The Capstone, this is what it has all been leading up to.This is where you're set free to design your own project and utilize your own ideas, albeit always within the boundaries set by the specifications.
These boundaries are placed for good reason, though.The rubric is there to make you think hard about every detail of your project and to foresee and anticipate every requirement that could lead to congestion or extraneous effort, protecting you from crying out it's "too late" when deep into the project.
They take shape in a generic template which sets them in boilerplate text which you are expected to replace with your own comments in order to demonstrate the ability to communicate your ideas formally.They are grouped by :
- An app description
- UI flow mocks
- Key Considerations
- A list of required tasks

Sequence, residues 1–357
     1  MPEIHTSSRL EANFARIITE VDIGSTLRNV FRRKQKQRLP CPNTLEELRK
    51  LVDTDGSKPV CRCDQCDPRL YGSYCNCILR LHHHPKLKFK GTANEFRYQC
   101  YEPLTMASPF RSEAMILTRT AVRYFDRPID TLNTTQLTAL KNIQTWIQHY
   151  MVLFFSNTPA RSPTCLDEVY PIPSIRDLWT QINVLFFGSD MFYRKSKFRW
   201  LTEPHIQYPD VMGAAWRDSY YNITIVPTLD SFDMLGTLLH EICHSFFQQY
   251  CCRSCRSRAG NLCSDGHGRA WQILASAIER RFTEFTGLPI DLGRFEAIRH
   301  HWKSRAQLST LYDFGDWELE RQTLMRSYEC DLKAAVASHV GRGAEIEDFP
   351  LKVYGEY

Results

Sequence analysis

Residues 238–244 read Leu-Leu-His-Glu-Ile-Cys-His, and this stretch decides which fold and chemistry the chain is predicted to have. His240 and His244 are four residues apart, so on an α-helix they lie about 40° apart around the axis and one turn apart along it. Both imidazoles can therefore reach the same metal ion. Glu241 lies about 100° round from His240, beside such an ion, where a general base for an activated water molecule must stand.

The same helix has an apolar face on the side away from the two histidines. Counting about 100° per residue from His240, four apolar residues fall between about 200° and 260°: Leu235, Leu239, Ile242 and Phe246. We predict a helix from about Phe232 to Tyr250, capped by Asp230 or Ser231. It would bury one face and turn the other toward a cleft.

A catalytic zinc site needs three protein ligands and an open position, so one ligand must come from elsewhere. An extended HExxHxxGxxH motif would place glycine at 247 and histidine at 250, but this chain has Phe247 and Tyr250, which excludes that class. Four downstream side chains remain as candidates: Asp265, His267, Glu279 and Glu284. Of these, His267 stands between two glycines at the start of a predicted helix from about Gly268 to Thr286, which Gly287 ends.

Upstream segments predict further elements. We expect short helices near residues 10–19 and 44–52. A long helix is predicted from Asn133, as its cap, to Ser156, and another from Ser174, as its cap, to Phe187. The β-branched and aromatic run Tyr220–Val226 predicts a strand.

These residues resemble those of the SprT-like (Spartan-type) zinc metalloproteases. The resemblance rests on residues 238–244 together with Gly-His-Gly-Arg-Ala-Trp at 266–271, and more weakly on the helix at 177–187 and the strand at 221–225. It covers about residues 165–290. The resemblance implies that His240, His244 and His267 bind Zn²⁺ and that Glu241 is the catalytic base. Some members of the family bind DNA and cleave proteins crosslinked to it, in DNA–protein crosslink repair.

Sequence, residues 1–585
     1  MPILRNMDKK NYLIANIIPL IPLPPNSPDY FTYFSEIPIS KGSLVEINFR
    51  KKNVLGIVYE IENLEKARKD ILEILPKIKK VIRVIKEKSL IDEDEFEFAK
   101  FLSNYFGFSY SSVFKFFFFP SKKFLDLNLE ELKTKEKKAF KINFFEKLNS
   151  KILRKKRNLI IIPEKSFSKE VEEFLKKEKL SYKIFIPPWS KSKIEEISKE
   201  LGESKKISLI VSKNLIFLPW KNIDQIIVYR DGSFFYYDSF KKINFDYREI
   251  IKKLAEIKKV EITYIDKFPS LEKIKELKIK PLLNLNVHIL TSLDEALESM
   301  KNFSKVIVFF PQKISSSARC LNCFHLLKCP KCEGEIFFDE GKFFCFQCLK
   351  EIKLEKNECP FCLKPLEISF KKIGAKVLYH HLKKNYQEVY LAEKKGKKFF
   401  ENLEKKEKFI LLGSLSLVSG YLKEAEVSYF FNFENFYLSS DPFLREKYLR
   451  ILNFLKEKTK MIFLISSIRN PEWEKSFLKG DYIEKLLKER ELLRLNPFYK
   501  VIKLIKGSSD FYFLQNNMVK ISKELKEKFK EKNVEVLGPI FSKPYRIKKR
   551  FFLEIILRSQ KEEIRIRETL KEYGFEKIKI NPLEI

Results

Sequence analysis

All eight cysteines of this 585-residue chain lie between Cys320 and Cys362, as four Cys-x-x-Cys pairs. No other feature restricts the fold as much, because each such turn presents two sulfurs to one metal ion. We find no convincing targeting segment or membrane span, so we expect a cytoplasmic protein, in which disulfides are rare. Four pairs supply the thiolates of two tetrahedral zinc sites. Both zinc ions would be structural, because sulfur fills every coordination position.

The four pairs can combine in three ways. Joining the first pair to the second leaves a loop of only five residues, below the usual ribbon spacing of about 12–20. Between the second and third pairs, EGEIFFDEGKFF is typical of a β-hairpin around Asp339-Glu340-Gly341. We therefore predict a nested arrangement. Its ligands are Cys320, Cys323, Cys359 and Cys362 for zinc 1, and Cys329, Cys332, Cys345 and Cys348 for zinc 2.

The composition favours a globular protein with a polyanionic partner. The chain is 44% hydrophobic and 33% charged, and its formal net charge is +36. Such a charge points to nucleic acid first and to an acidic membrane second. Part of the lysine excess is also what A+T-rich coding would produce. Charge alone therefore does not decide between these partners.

After filling out the document you have to submit it and await feedback on it in order to complete Capstone's first stage.This is done for preventing and mitigating pain points you might run into along the way and also for replicating the process professional Android Developers go through.
By the way, it's not easy to get the go ahead by the reviewer. In my case I had to revise twice before my plan got accepted.But that's the best part of this process. Rather than being negative, The feedback is insightful, pointing out the troubling parts that need amendment and making recommendations to help you be more specific and think about the conditions you've missed. This meticulous planning ahead is going to prove golden when you get to the actual implementation phase, Capstone stage 2.